He would have had no difficulty in acquiring a nice 1888 or 1889 diary, or journal, in which to document his activities.
He would also be the one individual in history who would have no difficulty in producing a document in James Maybrick's handwriting.
The writer did neither of these two things, which Maybrick could so easily have done. Why would he claim authorship of a document and then make it look as if he didn't actually write it? There is only one logical conclusion in my view.

The logical conclusion, when we discern that a diary was not used, and the entries apparently not made in Maybrick's own handwriting, is that an 1888 diary was something which the writer could not easily get hold of, and Maybrick's handwriting was something which the writer could not easily reproduce - therefore not Maybrick.

In my view, the only sensible course of action is to treat the Maybrick Diary as what it appears to be, a forgery, until the contrary is proven (i.e. expect those who claim the diary to be genuine to prove their case, and to give the artefact no further attention until they have done so).

Qui Bono? Whoever forged it. (Sorry, Soothsayer!)
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  #1006  
Old 11-21-2011, 02:23 PM
Kaz Kaz is offline
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Quote:
Originally Posted by Bridewell View Post
Having done some digging over the past few days I now understand that the Barretts did make money out of the diary, at least initially.

It also occurs to me that the choice of a scrapbook was a strange one. Maybrick's intention - if he were the author - would surely be to show his own cleverness in outwitting the authorities, but also to preserve his own outward appearance as a prosperous businessman. So why choose a scrapbook?

James Maybrick would have had two clear advantages over a forger:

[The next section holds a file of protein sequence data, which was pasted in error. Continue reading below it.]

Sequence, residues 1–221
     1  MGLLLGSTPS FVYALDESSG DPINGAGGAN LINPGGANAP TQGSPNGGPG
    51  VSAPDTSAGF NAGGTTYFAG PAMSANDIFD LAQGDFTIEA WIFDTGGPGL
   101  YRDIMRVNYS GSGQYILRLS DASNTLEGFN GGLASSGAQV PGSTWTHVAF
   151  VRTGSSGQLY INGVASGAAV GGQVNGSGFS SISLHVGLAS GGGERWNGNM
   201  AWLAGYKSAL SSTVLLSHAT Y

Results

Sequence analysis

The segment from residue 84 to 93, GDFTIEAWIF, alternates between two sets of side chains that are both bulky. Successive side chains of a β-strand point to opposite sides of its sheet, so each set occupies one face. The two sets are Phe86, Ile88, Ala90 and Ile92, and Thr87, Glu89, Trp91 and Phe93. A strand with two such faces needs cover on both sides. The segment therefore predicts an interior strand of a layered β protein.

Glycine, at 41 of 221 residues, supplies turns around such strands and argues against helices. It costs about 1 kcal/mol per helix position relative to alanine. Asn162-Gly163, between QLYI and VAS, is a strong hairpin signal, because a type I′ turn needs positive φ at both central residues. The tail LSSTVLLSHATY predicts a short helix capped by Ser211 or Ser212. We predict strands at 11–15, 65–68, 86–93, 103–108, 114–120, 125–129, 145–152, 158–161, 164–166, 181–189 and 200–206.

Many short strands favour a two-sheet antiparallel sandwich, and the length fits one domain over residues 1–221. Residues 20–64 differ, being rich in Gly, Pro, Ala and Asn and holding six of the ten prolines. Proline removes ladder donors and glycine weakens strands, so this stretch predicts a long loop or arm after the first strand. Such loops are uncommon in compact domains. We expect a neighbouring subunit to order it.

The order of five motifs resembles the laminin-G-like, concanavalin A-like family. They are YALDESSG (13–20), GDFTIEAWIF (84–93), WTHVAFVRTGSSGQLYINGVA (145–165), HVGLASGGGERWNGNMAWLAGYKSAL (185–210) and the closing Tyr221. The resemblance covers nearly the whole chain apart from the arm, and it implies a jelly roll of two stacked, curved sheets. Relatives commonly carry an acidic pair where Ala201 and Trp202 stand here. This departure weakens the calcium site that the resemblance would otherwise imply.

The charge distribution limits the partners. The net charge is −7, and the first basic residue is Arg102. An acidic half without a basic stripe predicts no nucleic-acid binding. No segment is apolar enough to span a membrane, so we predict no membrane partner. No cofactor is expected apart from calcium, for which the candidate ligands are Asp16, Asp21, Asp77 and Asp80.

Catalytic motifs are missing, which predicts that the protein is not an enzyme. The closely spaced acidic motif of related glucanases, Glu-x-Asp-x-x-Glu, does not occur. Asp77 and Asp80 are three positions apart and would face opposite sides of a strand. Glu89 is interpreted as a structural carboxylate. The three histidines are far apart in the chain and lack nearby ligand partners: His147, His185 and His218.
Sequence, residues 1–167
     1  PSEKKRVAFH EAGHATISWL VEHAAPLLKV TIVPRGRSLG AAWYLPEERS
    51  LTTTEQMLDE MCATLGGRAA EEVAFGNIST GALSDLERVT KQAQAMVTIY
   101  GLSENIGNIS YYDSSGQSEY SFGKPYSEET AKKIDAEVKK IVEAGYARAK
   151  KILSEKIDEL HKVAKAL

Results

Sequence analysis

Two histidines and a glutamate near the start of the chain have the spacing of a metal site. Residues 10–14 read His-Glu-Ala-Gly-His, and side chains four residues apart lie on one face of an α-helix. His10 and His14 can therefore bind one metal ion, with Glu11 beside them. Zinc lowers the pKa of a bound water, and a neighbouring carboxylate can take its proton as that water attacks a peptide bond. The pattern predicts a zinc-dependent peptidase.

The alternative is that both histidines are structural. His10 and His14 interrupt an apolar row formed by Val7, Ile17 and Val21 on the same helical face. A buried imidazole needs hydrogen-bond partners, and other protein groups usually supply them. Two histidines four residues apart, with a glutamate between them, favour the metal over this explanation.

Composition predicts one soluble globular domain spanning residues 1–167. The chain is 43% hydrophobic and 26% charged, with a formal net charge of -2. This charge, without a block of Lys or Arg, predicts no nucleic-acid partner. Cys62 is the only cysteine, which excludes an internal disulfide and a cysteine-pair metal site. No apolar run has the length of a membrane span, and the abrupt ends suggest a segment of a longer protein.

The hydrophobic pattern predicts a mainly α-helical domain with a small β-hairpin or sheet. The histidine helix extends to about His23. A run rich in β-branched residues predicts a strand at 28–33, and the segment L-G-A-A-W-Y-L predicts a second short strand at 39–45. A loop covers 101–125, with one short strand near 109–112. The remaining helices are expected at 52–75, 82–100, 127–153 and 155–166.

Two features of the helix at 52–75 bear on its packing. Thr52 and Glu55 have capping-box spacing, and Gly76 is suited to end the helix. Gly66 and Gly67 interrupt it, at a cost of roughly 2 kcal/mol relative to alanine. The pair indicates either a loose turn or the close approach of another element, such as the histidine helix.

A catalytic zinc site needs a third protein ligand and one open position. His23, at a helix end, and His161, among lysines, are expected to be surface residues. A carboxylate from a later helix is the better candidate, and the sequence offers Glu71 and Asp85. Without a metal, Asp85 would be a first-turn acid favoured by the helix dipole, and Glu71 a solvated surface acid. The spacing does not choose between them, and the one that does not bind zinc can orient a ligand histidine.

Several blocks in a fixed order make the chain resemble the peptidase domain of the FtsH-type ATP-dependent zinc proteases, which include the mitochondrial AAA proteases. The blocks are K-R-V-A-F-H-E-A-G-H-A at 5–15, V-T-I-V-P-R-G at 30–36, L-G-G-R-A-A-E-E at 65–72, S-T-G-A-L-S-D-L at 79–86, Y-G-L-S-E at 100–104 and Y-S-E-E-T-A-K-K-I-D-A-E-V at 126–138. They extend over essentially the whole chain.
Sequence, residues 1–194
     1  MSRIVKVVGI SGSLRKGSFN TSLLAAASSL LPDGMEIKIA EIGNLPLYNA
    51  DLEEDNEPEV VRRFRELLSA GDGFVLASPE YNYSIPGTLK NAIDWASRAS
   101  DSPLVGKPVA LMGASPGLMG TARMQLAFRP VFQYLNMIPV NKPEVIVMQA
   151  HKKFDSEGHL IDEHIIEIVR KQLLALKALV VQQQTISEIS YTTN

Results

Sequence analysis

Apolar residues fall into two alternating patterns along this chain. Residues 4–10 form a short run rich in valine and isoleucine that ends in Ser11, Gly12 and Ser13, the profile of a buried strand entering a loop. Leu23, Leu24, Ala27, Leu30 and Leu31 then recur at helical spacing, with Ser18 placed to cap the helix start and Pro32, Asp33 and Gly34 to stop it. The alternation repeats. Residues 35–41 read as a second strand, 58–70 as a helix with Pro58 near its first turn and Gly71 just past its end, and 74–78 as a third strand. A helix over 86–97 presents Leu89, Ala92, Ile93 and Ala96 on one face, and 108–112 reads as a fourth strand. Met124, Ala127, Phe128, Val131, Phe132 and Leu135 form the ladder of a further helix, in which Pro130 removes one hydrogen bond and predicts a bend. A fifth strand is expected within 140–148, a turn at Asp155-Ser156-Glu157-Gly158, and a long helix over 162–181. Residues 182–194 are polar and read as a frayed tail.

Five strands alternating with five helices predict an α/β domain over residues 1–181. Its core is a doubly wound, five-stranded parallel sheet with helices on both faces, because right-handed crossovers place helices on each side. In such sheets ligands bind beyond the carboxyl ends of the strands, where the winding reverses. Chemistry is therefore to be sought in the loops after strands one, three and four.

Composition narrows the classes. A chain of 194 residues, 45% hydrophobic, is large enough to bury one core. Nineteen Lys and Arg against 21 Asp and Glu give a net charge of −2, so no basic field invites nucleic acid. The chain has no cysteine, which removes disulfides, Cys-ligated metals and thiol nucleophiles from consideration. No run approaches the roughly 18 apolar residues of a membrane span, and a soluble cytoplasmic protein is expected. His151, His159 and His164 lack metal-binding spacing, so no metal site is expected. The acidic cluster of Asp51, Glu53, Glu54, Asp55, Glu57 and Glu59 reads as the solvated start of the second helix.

He would have had no difficulty in acquiring a nice 1888 or 1889 diary, or journal, in which to document his activities.
He would also be the one individual in history who would have no difficulty in producing a document in James Maybrick's handwriting.
The writer did neither of these two things, which Maybrick could so easily have done. Why would he claim authorship of a document and then make it look as if he didn't actually write it? There is only one logical conclusion in my view.

The logical conclusion, when we discern that a diary was not used, and the entries apparently not made in Maybrick's own handwriting, is that an 1888 diary was something which the writer could not easily get hold of, and Maybrick's handwriting was something which the writer could not easily reproduce - therefore not Maybrick.

In my view, the only sensible course of action is to treat the Maybrick Diary as what it appears to be, a forgery, until the contrary is proven (i.e. expect those who claim the diary to be genuine to prove their case, and to give the artefact no further attention until they have done so).

Qui Bono? Whoever forged it. (Sorry, Soothsayer!)
Hi

I haven't read the diary for quite sometime, how much of Maybricks handwriting actually exists? Apart from the dubious will?

Is it not possible that maybrick was suffering with a Multiple personality disorder? Couldn't that explain any difference in writing?

The usage of a ripped up older book and not a nice shiny new one? what does a psychopath act like exactly? isn't that in keeping with someone not acting 'normal'?

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  #1007  
Old 11-21-2011, 03:03 PM
Lechmere Lechmere is offline
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A ‘scrap book’ with a load of pages torn out the front (probably because they contained information unrelated to Maybrick).
Different handwriting because he suffered from multiple personality disorder? A bit of a lame excuse that!

And he’s a psycho – so that’s why he used a scrap book (with pages torn out) instead of a small new journal?
That type of psycho killer usually acts ‘normally’ outside his killing activities though don’t they? Or was it because he was deranged and on mind bending drugs? Yet he was still ‘clever’ enough to evade the forces of law and order.